Due to the fact that the crew had already assembled for some training, they were able to launch immediately just before 3pm.

Conditions were optimal on Northern Ireland’s North Coast today, with excellent visibility and a smooth sea but a strong offshore wind which made it difficult for the five paddle boarders to return to shore.

When the lifeboat arrived on scene, three of the boarders were alongside a local fishing vessel and the lifeboat crew picked the remaining two up.

All five paddle boarders were transferred to the lifeboat and brought back to Portrush Harbour before 3.30pm, where they disembarked exhausted but otherwise well.

Beni McAllister, lifeboat operations manager at Portrush RNLI, said: “These paddle boarders were lucky, in that the offshore winds were quite strong and the five were exhausted trying to get back to shore.

“The local fishing boat was on scene and assisted until the lifeboat arrived. The fact that we had a crew ready to go meant we could respond very quickly.

“We would ask anyone planning a trip to sea to check the weather conditions, especially tides and winds to make sure it is safe to go out. Always have a means of communication with you and make sure someone knows when you will be expected back.”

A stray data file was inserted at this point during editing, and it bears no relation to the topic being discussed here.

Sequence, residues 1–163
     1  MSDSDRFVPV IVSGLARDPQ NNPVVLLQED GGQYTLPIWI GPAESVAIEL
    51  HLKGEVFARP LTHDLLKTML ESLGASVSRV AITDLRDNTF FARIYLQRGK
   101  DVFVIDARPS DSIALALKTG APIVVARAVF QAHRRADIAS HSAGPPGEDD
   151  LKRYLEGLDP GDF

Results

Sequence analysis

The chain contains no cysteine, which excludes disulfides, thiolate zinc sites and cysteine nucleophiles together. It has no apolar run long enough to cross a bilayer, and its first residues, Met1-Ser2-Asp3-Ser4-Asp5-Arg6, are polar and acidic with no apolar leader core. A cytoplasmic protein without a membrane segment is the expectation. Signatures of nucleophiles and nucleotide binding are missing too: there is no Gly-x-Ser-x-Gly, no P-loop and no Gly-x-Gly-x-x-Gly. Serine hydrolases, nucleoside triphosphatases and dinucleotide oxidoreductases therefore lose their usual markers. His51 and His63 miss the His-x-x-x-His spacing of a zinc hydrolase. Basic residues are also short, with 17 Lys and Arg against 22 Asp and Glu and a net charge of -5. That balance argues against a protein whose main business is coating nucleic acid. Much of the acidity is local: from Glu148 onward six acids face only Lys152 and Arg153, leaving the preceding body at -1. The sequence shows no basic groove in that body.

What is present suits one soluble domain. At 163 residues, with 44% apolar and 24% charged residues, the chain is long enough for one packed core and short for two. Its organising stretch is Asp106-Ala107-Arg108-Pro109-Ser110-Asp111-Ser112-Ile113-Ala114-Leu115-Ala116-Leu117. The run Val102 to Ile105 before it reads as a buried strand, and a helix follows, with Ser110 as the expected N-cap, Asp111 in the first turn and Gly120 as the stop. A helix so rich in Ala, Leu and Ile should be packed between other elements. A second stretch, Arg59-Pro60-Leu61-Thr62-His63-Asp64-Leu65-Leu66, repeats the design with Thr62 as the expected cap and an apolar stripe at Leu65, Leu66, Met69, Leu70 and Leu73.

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Portrush RNLI on Northern Ireland’s North Coast launched to two shouts yesterday (Sunday 30 May) in a busy start to the spring bank holiday weekend.

The inshore lifeboat was first requested to launch by Belfast Coastguard at 5.33pm yesterday evening to reports of a male entering the water at the East Strand.

Despite the heavy traffic and bank holiday crowds in the town, the volunteer lifeboat crew was able to launch at 5.40pm and was on scene four minutes later. Weather conditions were perfect with clear skies and excellent visibility.